The Japanese government has announced intentions to impose export restrictions on 23 different semiconductor manufacturing machinery, aligning its technology trade restrictions with a US initiative to limit China’s capacity to produce sophisticated circuits.
Six categories of equipment, including cleaning, deposition, lithography, and etching, will be subject to export controls, the Economy, Trade, and Industry Ministry announced in a press release on Friday. Equipment manufacturers must request export authorization for all regions, although it did not specifically name China as the target of those actions.
“We are fulfilling our responsibility as a technological nation to contribute to international peace and stability,” The ministry stated that it intended to prevent the application of cutting-edge technology for military purposes.
The equipment produced by twelve Japanese companies, including Nikon Corp., Tokyo Electron Ltd., Screen Holdings Co. Ltd., and Advantest Corp., will likely be impacted by the export limitations that will go into effect in July.
“We expect the impact on domestic companies to be limited,” Yasutoshi Nishimura, Japan’s minister of industry, stated at a news conference. “We don’t have one specific country in mind with these measures.”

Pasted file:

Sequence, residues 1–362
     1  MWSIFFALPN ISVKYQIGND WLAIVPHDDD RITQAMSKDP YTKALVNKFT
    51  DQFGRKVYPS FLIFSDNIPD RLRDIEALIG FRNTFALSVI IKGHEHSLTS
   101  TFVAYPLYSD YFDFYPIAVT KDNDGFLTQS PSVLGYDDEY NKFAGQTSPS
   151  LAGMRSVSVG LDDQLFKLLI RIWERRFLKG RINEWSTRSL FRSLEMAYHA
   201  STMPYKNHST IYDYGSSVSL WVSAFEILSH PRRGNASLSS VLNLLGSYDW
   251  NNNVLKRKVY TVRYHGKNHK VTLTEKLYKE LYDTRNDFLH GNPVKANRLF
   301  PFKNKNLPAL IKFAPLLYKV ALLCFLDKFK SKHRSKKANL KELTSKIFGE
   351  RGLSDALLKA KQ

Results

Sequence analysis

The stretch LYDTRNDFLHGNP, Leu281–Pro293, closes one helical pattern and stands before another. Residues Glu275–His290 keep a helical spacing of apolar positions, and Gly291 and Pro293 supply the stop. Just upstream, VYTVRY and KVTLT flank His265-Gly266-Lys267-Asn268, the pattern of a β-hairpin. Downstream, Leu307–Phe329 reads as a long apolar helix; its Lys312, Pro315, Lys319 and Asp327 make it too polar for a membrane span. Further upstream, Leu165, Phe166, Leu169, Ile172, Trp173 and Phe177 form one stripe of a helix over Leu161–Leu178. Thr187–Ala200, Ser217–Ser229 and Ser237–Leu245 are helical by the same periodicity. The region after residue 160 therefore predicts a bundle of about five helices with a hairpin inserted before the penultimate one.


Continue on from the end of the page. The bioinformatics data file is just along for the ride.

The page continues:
Tokyo’s choice nevertheless came after the United States in October imposed extensive limits on chipmaking tool shipments to China due to worries that Beijing intended to exploit cutting-edge semiconductors to increase its military might. Yet for those limits to take effect, Washington requires support from key equipment suppliers Japan and the Netherlands.
According to insiders, Japan as well as the Netherlands agreed in January to join the US in limiting the shipment of chipmaking equipment to China that might be utilized to produce chips smaller than 14 nanometers, but they chose not to publicly announce the agreement to avoid upsetting Beijing. Tokyo has never made the existence of the deal publicly known.
A nanometre, or one billionth of a meter, is a unit of measurement used in the semiconductor industry. A chip is considered to be more advanced if it has fewer nanometres.
In a letter to the nation’s parliament earlier this month, the Dutch government also announced its intention to limit exports of chipmaking machinery. The tiny circuitry of chips is made using lithography technologies, which are dominated by the Dutch business ASML Holding NV.
China, which claims that the US has a “tech hegemony” because of its export limitations, asked the Netherlands to
“not to follow export control measures by certain countries”.